Now, you may be wondering what’s up with this seemingly disjointed trip down memory lane, right? Well the point for me is that it was a combination of these volunteer experiences growing up, the small yet reoccurring presence of Peace Corps throughout all of my college years, and the massive level of burn out from architecture I was faced with that helped lead me to where I am now.
I knew around the time my 3rd year ended and 4th year began that I wasn’t going to be able to go straight into architecture post college without winding up resenting it by the time I was 30. This wasn’t what I wanted for myself and my future. So instead, I chose to focus on a different interest I had, volunteering and helping people however I could. I met with the University of Oregon PC recruiter to get tips and advice on my application, used my department’s Professional Outreach and Development office to proofread my resume and motivation statement, reached out to the PC recruiter based in Portland and met with her to get advice on how to prepare for my interview and even reached out to one of the girls from my sorority who had served.
I ended up submitting my application when it first opened back in October of 2016 and had secured myself an interview towards the end of November. A few days before Christmas I received my official invitation to serve and had 72 hours to submit my intent to commit to service. For those unfamiliar with how this process works, the invitation does not guarantee you anything. Once you accept, you still need to be legally and medically cleared. I sent in my fingerprints and got the ball rolling and was legally cleared by March of 2017. This was the same month that I received all of my medical tasks I needed to complete for my final clearance.
This is where my story gets stressful. Each task had a specific deadline (all within 60 days) to complete and submit to the medical office for review. Every time I submitted another task the office would send me another one back because they weren’t satisfied with a variety of things. At this time, I had three months left until graduation, five months until camp and slightly less than six months until (what I hoped would be) my departure to start my service.
Everyone in my terminal studio was talking about the firms they were applying to, or the job offers they were receiving. As one of the directors for camp that year, I had a lot of meetings to get everything ready to go with the departments I was in charge of. People from both groups were talking about their plans for after college or asking me what mine were. Every day I would check my email waiting to get that email that confirmed my plans for the next two years of my life. Every day that I still had no clearance and was asked about my future, I would mention that I was waiting to get my final clearance so I still wasn’t sure what my post college plans were for sure.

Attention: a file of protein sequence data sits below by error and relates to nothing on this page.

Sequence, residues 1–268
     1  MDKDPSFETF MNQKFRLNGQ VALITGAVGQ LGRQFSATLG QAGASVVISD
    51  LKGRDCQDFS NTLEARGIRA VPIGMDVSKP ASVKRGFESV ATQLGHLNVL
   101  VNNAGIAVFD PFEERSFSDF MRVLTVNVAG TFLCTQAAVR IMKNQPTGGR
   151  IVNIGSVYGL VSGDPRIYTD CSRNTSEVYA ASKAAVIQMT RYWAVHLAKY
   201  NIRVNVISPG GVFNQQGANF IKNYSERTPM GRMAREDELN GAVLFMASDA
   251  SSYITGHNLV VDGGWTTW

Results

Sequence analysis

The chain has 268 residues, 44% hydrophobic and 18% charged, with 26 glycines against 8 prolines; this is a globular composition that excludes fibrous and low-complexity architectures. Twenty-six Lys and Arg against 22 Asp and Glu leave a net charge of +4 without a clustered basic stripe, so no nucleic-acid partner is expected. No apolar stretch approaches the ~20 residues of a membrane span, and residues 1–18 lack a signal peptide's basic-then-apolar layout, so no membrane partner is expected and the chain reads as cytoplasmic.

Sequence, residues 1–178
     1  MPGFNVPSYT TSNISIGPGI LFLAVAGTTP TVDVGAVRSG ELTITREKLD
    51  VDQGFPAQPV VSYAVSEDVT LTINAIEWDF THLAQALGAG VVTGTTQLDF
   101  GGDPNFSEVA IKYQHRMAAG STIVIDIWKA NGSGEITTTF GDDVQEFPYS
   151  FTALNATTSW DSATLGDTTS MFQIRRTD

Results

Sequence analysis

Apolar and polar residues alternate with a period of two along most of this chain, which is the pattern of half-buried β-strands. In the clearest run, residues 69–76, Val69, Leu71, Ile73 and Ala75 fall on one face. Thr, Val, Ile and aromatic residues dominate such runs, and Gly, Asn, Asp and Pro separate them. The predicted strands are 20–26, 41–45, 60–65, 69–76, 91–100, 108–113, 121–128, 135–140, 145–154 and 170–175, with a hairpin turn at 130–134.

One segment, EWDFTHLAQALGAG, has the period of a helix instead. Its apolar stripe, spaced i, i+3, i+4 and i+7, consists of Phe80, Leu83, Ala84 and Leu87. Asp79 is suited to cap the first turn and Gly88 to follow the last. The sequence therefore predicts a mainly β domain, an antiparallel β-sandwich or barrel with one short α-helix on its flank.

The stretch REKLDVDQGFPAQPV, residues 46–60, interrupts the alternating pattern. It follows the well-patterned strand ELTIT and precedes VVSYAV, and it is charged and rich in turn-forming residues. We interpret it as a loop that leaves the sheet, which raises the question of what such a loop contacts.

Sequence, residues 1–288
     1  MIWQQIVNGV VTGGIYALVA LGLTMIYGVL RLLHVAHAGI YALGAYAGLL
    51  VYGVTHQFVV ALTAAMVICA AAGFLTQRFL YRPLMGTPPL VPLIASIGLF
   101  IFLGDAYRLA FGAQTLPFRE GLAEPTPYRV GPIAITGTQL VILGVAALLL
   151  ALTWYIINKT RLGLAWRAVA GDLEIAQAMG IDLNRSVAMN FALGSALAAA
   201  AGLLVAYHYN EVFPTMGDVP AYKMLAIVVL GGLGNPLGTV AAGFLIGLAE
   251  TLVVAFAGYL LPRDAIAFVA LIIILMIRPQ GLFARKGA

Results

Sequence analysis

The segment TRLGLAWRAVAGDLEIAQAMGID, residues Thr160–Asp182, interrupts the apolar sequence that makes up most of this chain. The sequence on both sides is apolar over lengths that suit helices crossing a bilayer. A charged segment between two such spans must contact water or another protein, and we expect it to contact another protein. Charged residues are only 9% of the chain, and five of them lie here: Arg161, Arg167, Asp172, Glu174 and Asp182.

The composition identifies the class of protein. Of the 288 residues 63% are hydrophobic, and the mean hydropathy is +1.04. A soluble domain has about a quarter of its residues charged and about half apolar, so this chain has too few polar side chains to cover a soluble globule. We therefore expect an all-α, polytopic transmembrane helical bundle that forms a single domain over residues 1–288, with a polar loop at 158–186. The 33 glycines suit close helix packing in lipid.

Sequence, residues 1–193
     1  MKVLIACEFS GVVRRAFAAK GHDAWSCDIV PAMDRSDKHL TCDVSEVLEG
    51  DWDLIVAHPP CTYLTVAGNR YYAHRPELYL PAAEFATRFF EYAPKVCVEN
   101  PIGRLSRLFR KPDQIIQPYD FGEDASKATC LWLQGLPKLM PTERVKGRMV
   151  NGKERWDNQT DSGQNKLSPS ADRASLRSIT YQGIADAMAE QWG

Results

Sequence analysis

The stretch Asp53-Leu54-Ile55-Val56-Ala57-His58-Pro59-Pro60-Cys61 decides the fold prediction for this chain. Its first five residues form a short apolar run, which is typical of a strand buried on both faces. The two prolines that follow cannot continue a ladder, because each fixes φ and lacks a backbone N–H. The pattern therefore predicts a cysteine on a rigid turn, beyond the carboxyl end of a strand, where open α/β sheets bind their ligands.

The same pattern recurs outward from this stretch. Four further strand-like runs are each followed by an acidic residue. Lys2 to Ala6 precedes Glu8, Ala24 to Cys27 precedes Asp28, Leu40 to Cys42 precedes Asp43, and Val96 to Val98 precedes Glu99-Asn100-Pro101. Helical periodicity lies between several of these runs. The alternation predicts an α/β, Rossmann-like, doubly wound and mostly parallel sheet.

Whether it was my roommates, my architecture friends and classmates, my fellow camp counselors and volunteers, my relatives, my friends from high school and those from college who graduated the year before, I was never able to say what my plans actually were with any sort of certainty. Instead it was always framed in a “well, if everything works out, I’ll be living in Morocco and serving in the Peace Corps in their Youth Development sector”. The architecture people thought it was a tad bit odd and didn’t really know how to respond, except for those who knew about my work with Kesem. My friends who knew me well and the people I’d been volunteering with were all super supportive and thought (and told me) that this would be the perfect thing for me.
What was hard about this was that I felt like I was stuck in limbo and straddling this line where I had to simultaneously be prepared to leave America, my life, my family, my friends, my culture and everything I’d ever known in just a few months while also having to be thinking about what I would do if I didn’t receive that final clearance and instead needed to think about where I would live, what I would do for work, would I take a chance and hope I wouldn’t be miserable going straight into architecture? would I live with one of my parents for 6 months? a year? would I go to work a minimum wage job while I waited for the universe to drop a different option in my lap?